He added: "Even though I'm sad to go, I'm even more excited for the next chapter in my life. I can't wait to strap it on as a Baltimore Raven."

Hampered by a three-game suspension and a hamstring injury, Snead was limited to eight catches for 92 yards last year.

In 2015, he had 69 receptions for 984 yards. He caught 72 passes for 895 yards in 2016.


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2018 NFL Mock Draft Ravens Roundup 6.0: The final countdown

2018 NFL Mock Draft Ravens Roundup 6.0: The final countdown

After months and months of talk and a lot of predictions, the 2018 NFL Draft is finally here.

On Thursday, Ozzie Newsome and Co. will enter the draft room prepared for battle. A lot of questions await them and most of them can not be answered until the ten minutes leading up to their pick. 

Even with the additions of Michael CrabtreeJohn Brown and Willie Snead, will the Ravens continue to add to their wide receiver corps? 

Will they trade down and scoop up a tight end or will they address the offensive line and snag Mike McGlinchey?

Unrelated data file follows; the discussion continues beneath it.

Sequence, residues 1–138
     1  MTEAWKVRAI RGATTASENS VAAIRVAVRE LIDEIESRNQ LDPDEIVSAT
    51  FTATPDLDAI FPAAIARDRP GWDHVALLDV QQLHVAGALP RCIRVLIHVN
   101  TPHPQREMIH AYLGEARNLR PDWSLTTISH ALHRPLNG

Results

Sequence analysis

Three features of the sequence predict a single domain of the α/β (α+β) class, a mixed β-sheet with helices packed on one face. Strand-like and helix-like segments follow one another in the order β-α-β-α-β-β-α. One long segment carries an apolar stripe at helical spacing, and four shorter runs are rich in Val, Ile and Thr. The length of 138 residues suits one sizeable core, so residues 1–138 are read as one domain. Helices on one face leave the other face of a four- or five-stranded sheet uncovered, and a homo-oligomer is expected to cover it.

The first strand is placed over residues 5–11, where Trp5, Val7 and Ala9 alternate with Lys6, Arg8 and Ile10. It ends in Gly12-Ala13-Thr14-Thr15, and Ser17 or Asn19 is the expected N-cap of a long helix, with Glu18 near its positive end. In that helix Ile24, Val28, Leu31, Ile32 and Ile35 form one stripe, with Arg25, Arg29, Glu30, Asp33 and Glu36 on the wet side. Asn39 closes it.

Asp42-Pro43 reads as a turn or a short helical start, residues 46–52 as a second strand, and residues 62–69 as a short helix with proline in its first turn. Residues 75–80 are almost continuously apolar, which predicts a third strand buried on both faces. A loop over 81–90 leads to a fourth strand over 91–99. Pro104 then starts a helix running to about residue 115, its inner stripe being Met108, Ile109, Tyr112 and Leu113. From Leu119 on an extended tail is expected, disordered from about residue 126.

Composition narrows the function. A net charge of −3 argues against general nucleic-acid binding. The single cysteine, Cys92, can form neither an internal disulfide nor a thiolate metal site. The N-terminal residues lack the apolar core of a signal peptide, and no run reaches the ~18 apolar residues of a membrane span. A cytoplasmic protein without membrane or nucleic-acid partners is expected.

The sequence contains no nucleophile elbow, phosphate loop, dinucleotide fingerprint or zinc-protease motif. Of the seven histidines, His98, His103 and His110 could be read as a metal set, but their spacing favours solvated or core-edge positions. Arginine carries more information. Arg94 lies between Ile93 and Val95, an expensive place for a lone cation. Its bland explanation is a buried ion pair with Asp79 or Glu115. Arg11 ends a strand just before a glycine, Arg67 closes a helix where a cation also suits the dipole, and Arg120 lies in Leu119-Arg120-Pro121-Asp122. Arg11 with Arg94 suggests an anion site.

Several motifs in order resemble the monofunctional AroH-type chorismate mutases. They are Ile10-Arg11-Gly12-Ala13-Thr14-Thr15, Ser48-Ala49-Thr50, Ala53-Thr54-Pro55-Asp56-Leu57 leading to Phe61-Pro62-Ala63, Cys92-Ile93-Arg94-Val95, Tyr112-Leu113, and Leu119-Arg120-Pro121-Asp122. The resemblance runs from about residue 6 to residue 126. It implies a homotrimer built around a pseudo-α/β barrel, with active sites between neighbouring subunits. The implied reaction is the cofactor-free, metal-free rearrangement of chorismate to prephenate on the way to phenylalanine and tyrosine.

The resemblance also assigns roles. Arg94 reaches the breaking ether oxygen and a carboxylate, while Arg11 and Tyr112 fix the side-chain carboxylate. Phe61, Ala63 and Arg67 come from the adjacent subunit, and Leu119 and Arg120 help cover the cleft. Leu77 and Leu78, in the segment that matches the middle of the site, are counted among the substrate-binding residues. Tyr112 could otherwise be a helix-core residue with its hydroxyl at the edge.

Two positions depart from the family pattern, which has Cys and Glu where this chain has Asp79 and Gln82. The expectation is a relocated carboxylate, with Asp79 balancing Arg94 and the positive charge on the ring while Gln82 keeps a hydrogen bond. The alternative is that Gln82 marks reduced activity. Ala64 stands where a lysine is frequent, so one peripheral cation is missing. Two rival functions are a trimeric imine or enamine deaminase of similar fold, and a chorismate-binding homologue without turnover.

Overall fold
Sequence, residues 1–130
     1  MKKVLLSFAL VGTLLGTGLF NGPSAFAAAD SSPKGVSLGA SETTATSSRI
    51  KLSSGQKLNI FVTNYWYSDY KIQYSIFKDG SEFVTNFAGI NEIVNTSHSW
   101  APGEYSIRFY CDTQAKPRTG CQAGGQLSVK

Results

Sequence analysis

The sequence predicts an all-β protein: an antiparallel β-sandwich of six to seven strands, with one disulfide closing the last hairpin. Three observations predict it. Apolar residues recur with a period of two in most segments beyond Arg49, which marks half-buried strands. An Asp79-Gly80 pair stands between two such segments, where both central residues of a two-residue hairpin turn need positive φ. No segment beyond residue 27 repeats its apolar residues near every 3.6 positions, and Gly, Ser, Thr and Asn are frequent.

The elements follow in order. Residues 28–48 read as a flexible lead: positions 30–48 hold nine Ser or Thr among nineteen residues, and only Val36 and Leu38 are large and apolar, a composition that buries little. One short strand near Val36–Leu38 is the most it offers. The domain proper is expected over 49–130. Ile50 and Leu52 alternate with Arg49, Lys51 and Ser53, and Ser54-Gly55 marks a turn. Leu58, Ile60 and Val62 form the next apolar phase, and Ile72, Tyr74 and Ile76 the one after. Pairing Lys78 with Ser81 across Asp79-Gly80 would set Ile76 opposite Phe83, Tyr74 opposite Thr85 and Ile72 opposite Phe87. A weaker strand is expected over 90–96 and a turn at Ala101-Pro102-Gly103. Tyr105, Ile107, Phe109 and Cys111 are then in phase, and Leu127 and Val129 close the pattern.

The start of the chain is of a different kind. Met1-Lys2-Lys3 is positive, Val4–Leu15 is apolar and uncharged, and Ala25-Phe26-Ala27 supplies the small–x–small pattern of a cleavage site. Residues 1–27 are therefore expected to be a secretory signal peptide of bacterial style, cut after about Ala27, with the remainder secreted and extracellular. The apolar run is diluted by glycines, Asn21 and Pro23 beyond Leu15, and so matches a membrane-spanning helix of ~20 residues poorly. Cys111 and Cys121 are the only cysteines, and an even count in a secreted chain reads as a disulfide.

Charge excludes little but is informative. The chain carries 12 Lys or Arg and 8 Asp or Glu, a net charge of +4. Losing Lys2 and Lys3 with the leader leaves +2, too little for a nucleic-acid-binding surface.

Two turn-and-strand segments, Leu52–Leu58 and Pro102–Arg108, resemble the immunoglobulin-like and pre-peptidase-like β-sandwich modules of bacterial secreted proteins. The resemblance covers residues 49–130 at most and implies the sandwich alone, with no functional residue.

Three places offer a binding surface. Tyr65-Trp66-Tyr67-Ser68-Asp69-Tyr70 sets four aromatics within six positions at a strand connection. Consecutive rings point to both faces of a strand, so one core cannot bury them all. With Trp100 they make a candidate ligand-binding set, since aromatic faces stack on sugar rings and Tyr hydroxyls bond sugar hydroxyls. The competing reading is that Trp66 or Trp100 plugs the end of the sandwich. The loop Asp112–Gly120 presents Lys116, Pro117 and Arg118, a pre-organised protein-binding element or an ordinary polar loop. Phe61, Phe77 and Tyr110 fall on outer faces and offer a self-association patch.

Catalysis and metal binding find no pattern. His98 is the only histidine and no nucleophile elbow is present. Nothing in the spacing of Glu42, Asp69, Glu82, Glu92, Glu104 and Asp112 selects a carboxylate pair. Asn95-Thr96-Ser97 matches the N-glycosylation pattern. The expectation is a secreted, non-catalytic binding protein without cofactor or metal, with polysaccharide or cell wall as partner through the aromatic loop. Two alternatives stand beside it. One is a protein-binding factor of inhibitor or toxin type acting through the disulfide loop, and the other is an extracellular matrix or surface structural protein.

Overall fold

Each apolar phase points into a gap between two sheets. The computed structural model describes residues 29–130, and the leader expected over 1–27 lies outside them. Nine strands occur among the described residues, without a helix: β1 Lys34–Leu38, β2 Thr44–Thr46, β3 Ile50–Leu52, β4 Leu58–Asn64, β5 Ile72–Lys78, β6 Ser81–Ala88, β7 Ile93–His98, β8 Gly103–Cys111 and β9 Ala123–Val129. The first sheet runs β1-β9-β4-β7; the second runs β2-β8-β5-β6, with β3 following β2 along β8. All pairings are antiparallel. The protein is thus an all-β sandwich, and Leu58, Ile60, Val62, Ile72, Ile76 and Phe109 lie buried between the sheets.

All of our questions will be answered in no time, but for now, sit back and enjoy the wild ride that is the first-round of the NFL Draft. 

NBC Sports Washington's Ben Standig (Link) Charley Casserly (Link

— Mike McGlinchey (OL)

With the exit of Ryan Jensen, the Ravens are now in need of an offensive lineman. 

At the combine, McGlinchey put up 24 reps on the bench press, had a 28.5 inch vertical and a 105 inch broad jump. 

"The offense lacks playmakers which is why wide receivers Calvin Ridley and D.J. Moore work," Standing says. "Right tackle also in play. McGlinchey seems to have moved ahead of the other tackle prospects."

ESPN's Mel Kiper (Link) CBS Sports' Chris Trapasso (Link) Sporting News (Link) Rotoworld (Link

— Calvin Ridley (WR)

Ridley is one of the few wideouts in this draft projected to go in the first-round. While his combine performance didn't help his stock, running a 4.43 40-yard dash, recording a 31-inch vertical, a 110-inch broad jump and a 6.88-second 3-cone drill, many are still predicting he lands with the Ravens or somewhere in the first-round.